Update: This 5-year TIPS was auctioned April 21 with a base yield of -0.18%.
Although the base rate of the 5-year TIPS being auctioned Thursday (April 21) will be ‘positive’, the resulting yield from the auction will be negative. How does that happen? Bidders will have to pay more than $1 for $1 of principal.
In other words, as an example, you would pay $10,025 for $10,000 of this TIPS, which in effect lowers your real yield.
The auction will probably carry a coupon of 0.125%. That is the base rate. In addition, the principal of a TIPS increases with inflation until it matures.
This is what Marketwatch is reporting today:
Yields on 5-year inflation-linked Treasury bonds are currently trading below zero, but Thursday’s auction of the new security will carry a positive coupon, analysts at TD Securities said Wednesday. That will still make this the second 5-year Treasury Inflation Protected Securities auction with a negative yield, as low yields on regular Treasury securities and higher inflation worries keep up demand for TIPS.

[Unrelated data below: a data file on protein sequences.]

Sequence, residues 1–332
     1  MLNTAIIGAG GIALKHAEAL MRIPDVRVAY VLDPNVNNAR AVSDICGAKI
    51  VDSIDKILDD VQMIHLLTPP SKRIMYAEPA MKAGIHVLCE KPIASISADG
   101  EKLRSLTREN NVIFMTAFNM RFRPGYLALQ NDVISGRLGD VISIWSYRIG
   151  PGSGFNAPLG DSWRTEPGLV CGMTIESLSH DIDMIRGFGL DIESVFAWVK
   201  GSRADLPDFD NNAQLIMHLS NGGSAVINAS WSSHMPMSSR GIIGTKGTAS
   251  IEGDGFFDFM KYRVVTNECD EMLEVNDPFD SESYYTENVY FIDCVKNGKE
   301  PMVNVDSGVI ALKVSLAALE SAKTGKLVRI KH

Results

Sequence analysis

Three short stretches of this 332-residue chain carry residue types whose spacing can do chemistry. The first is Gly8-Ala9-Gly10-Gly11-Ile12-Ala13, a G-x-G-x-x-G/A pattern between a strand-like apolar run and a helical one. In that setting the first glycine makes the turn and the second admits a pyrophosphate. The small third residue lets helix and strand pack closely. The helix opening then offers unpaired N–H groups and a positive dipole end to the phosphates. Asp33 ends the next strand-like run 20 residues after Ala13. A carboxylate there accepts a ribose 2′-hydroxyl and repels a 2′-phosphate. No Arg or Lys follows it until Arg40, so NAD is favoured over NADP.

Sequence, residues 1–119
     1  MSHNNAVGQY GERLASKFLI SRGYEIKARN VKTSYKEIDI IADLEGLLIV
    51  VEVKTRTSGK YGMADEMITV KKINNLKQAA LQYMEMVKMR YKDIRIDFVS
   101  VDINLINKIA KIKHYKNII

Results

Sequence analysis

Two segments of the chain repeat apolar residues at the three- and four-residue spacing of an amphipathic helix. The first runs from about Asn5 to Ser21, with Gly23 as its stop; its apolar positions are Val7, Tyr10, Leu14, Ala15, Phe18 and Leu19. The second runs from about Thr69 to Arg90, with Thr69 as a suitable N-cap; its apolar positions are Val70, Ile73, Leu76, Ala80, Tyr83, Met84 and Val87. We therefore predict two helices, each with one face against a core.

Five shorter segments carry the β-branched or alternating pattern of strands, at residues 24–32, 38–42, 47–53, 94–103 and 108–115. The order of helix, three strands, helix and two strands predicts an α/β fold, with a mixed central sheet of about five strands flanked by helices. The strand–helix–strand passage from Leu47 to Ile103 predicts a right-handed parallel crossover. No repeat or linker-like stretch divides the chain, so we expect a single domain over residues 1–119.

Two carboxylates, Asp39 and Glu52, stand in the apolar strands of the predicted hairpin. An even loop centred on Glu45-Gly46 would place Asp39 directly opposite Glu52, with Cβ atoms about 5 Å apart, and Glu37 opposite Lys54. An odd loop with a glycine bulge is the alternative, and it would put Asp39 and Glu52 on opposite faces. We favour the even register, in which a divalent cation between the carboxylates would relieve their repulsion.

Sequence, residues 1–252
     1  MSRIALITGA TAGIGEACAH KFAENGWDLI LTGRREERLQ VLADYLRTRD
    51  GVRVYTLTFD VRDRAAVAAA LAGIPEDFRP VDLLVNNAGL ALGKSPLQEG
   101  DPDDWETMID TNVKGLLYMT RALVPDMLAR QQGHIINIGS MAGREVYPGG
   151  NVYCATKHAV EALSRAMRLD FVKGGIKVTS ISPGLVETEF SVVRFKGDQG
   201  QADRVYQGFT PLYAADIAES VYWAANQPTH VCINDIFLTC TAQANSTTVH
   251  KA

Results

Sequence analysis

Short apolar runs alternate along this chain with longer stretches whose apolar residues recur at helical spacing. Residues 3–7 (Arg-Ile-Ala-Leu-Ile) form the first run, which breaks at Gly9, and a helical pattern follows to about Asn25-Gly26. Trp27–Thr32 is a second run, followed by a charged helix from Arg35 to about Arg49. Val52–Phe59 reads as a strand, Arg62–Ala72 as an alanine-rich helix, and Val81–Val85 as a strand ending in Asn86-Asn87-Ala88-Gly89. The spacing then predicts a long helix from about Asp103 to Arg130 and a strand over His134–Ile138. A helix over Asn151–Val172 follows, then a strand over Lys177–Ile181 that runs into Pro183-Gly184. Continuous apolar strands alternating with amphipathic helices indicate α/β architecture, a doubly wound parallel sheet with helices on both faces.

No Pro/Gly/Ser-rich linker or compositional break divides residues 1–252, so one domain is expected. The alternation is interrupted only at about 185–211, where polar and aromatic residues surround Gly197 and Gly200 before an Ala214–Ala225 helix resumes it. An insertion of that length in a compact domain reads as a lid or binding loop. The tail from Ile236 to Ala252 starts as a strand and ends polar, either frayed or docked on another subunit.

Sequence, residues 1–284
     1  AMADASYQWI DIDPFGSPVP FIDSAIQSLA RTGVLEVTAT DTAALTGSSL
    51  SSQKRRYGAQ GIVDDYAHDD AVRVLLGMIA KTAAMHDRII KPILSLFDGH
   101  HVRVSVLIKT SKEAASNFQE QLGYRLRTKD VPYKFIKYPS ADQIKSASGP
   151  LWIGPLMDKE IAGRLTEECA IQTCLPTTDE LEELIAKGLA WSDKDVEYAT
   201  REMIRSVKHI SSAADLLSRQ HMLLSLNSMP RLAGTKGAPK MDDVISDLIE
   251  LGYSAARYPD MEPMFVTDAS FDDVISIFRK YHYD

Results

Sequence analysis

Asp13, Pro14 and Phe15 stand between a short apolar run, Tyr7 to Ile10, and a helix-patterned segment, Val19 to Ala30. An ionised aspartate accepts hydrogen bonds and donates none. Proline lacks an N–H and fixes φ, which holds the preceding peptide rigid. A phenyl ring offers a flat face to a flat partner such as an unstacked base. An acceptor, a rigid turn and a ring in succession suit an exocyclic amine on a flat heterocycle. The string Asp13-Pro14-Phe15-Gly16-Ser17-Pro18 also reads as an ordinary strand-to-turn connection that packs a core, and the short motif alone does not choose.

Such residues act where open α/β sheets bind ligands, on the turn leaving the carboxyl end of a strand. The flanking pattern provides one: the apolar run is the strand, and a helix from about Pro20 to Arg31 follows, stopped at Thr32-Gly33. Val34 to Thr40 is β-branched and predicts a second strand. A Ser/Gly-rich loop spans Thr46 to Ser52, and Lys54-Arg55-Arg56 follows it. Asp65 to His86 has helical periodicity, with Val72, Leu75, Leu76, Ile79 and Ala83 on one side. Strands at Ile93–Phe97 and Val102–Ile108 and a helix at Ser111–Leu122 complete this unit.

“The real yield of -20 to -25 basis points at auction will just mean that the price is further over par,” said Richard Gilhooly, director of rates strategy at TD Securities.
A real yield of -0.25% would be better than some predictions of -0.5% to -0.7% I have seen in recent days.
Update: The Wall Street Journal reports on April 21:
The Treasury Department has had to make some rule changes to deal with soaring demand for its inflation-indexed securities, which had raised the technical possibility of a negative interest rate coupon in one of its auctions. The rule change, which went into effect on April 1, placed a minimum rate of 0.125% on all Treasury securities that pay an interest coupon, assuring investors that they could never face the unpleasant task of writing the Treasury a check in return for the right to lend it money.
Update: Bloomberg’s prediction is for a yield of negative 0.1825%:
The government’s sale of $14 billion of five-year Treasury Inflation Protected Securities, may draw a yield of negative 0.1825 percent, according to the average forecast of 6 of the Federal Reserve’s 20 primary dealers in a Bloomberg News survey.